II. While Reading Activities
- surge |sərj| noun a sudden large increase, typically a brief one that happens during an otherwise stable or quiescent period: the firm predicted a 20% surge in sales.
- vaccination |ˌvaksəˈnāSH(ə)n| noun treatment with a vaccine to produce immunity against a disease; inoculation: vaccination against yellow fever is essential | [count noun] : if you think you need a flu vaccination, check with your doctor.
- mandate |ˈmanˌdāt| verb [with object] • require (something) to be done; make mandatory: the government began mandating better car safety.
- *fall behind phrasal verb of fall, fail to keep up with one’s competitors.‘Britain has fallen behind in the space business.’
- peer |pir| noun 2 a person of the same age, status, or ability as another specified person: he has incurred much criticism from his academic peers.
- ensure |inˈSHo͝orenˈSHo͝or| verb [with object] make certain that (something) shall occur or be the case: [with clause] : the client must ensure that accurate records be kept.
- in tandem |ˈtandəm| in tandem (phrase) alongside each other; together: a tight fiscal policy working in tandem with a tight foreign exchange policy.
- scary |ˈskerē| adjective (scarier, scariest) informal frightening; causing fear: a scary movie.
- disruption |disˈrəpSH(ə)n| noun disturbance or problems that interrupt an event, activity, or process: schedule was planned to minimize disruption | there had been no delays or disruptions to flights.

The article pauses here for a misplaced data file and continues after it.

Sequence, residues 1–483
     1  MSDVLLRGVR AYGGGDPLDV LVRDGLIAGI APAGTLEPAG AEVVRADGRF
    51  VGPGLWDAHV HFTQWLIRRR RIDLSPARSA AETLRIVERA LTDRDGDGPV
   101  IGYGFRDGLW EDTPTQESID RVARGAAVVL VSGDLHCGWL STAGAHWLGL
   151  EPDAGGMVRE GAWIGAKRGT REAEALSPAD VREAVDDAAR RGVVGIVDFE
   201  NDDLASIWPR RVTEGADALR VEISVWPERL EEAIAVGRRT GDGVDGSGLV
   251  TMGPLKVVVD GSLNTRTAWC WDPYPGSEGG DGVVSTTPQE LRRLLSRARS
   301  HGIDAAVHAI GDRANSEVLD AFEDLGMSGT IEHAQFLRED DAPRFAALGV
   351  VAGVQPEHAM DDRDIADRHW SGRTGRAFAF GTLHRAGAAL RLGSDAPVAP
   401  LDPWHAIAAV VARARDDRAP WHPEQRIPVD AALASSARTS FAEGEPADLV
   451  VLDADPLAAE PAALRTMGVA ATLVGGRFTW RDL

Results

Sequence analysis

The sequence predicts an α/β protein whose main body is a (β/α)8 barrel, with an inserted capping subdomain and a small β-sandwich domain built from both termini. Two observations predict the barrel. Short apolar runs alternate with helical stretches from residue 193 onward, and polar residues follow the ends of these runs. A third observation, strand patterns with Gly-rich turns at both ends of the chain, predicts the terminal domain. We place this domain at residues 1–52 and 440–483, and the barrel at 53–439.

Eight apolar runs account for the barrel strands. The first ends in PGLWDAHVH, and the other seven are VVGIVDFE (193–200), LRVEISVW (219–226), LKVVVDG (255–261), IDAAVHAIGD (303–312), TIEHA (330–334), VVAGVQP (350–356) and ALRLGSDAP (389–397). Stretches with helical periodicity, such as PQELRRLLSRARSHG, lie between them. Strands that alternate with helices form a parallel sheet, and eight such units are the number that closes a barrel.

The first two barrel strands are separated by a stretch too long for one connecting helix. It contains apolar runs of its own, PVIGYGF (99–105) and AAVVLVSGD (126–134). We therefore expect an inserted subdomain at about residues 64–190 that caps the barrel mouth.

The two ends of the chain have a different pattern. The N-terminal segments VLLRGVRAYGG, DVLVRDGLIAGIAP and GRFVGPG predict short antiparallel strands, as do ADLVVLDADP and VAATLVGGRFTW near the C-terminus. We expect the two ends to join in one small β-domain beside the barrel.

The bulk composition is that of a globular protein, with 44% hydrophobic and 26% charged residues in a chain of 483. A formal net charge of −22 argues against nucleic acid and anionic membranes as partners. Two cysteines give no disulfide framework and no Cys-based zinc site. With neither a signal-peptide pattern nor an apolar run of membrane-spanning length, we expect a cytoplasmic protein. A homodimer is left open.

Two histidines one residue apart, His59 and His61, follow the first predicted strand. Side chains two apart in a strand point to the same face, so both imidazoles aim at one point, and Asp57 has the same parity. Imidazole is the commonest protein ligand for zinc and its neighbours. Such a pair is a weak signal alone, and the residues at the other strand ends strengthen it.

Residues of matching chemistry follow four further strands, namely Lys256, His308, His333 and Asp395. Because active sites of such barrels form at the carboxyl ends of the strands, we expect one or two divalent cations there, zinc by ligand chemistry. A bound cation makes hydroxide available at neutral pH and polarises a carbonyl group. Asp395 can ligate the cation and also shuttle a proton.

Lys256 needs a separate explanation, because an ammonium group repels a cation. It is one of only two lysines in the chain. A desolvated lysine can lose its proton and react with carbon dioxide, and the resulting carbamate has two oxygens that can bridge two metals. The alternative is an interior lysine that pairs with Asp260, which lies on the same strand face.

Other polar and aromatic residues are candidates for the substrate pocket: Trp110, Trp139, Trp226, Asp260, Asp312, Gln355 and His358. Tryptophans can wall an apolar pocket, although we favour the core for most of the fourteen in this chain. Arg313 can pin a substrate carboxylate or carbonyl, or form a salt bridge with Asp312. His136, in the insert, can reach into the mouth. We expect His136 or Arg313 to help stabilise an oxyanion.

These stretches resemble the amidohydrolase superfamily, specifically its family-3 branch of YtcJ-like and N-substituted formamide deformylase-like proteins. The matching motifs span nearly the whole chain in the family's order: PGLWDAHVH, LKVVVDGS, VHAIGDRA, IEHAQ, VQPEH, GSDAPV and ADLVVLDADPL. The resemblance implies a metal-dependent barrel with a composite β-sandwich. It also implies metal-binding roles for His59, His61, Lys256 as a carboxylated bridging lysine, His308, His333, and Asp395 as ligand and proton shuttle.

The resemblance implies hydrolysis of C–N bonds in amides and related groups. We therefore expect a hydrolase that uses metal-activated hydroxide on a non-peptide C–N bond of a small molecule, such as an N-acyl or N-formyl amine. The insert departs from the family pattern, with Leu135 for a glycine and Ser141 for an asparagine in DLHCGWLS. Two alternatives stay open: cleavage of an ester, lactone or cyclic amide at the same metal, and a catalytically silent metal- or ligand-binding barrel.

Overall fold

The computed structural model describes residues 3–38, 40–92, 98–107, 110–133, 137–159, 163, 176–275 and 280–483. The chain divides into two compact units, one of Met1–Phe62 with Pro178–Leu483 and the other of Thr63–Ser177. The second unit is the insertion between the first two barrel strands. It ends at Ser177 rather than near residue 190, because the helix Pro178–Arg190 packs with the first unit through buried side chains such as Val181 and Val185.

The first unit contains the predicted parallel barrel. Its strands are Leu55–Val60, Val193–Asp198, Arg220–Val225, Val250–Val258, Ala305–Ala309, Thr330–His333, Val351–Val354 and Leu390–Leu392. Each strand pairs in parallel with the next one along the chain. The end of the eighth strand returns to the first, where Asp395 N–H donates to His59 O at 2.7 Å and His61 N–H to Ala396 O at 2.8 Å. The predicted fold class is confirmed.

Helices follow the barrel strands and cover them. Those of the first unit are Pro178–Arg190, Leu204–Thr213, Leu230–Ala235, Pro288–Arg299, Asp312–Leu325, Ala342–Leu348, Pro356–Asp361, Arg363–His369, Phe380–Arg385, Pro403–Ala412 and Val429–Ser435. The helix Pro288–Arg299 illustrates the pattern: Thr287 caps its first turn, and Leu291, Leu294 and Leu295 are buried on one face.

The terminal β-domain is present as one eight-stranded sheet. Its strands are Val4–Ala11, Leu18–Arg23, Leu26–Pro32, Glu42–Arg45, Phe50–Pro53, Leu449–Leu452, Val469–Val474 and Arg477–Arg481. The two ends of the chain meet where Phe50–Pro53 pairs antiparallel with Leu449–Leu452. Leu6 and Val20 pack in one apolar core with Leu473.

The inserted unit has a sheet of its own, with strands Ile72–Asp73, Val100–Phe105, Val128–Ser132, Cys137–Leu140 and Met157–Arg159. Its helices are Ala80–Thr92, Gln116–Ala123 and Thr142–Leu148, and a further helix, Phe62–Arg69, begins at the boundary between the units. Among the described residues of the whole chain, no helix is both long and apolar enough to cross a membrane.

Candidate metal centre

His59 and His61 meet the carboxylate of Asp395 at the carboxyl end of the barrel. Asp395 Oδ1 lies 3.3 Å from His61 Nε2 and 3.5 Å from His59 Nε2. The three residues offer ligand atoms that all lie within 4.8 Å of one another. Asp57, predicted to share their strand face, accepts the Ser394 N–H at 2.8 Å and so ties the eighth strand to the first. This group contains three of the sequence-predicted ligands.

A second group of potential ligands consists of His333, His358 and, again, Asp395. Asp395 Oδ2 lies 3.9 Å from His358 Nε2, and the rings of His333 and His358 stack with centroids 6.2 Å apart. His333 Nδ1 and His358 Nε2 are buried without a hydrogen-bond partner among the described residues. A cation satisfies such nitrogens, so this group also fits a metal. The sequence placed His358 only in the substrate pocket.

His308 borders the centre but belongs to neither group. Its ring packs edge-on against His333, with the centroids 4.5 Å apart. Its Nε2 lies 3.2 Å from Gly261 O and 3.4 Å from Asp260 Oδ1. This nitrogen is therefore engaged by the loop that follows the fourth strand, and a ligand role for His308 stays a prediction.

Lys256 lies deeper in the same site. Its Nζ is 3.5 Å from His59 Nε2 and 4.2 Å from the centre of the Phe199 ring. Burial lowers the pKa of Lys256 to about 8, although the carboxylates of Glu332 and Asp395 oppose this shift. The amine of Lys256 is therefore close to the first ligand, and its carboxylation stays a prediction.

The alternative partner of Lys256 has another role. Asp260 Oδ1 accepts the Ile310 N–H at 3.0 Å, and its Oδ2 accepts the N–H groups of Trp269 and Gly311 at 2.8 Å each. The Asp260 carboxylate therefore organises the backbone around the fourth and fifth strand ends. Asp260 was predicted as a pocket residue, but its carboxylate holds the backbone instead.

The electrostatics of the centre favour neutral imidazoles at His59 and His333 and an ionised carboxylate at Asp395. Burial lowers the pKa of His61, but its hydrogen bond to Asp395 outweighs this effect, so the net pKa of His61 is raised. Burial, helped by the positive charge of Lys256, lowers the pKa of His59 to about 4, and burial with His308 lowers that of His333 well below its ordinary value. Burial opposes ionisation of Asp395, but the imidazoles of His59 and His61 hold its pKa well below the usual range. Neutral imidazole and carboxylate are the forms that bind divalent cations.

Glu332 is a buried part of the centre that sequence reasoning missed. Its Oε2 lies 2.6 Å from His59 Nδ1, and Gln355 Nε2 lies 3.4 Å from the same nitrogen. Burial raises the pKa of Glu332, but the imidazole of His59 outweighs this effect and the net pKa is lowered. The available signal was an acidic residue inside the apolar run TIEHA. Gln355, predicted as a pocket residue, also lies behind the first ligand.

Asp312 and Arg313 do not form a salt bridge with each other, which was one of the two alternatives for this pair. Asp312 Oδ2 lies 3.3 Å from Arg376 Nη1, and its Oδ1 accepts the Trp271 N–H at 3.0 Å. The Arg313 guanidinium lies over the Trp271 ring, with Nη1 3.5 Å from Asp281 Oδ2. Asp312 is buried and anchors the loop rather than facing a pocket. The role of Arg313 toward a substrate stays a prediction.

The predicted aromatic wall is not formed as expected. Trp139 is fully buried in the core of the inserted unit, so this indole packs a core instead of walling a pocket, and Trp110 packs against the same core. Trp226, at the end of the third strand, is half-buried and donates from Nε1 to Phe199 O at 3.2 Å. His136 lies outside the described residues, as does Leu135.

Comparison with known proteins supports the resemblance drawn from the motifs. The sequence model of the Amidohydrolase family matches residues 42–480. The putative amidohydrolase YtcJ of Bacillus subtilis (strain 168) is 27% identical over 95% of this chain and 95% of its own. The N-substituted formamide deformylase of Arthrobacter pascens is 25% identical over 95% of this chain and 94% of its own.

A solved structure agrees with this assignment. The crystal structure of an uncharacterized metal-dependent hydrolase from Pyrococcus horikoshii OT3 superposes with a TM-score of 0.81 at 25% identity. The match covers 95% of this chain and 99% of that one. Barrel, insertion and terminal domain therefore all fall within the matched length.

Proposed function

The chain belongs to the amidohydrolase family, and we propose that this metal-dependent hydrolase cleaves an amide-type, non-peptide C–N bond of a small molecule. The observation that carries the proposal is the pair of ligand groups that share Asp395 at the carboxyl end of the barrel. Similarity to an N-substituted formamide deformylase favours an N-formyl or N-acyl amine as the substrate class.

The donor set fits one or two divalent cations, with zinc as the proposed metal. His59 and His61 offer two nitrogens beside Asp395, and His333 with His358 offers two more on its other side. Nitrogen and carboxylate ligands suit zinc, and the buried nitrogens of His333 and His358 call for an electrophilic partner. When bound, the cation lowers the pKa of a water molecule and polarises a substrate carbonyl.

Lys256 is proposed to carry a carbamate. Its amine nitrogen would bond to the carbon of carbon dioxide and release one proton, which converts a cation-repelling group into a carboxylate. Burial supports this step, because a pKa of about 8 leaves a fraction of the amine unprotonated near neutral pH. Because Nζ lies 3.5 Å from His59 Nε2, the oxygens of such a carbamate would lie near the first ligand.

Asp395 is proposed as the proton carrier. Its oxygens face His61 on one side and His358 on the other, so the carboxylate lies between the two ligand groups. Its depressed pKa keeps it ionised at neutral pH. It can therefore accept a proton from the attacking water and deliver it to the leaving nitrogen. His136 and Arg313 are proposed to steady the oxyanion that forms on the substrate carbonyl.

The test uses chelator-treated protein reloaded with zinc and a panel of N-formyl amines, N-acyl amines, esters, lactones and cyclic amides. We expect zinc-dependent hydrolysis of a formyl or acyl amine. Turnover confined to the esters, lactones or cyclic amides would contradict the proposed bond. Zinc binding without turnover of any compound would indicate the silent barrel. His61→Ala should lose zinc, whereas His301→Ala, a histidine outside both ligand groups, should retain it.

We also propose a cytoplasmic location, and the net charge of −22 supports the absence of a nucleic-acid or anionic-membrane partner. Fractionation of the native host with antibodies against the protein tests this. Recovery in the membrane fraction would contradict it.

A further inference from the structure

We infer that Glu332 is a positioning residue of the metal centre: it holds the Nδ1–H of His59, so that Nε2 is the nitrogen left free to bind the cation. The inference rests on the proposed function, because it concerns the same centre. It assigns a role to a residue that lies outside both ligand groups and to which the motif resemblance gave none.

- vulnerable |ˈvəln(ə)rəb(ə)l| adjective susceptible to physical or emotional attack or harm: we were in a vulnerable position | small fish are vulnerable to predators.
New Oxford American Dictionary
Grammar Focus: Structure and Usage
I –1- challenges
Be prepared for some challenges.
II – 2-masks
Talk to kids about the types of masks.
III – 1- a
Return to a routine.
Reading Comprehension Identify The Speakers
Dr. Sara Bode, chairwoman-elect of the American Academy of Pediatrics’ Council on School Health.
“As the American Academy of Pediatrics continues to review the rapidly evolving coronavirus situation in schools, it is still recommending in-person education.”
“One of the best ways to level a bumpy road back to in-person schooling is to give children a good sense of what they can expect, and for parents to make clear that they believe a safe return is possible.”
Dr. Grace Black, a general pediatrician affiliated with the University of Rochester Medical Center.
“First, and most importantly, make sure all family members who are eligible are fully vaccinated.”
Dr. Amy Shriver, a general pediatrician in Des Moines
“As soon as the vaccine is available to kids under 12 it’s important that they get it, too.”
Dr. Danielle Erkoboni, a general pediatrician at Children’s Hospital of Philadelphia.
“Tell your child that the vaccines are safe and effective, and that using them in tandem with masks is the best way to keep everyone safe.”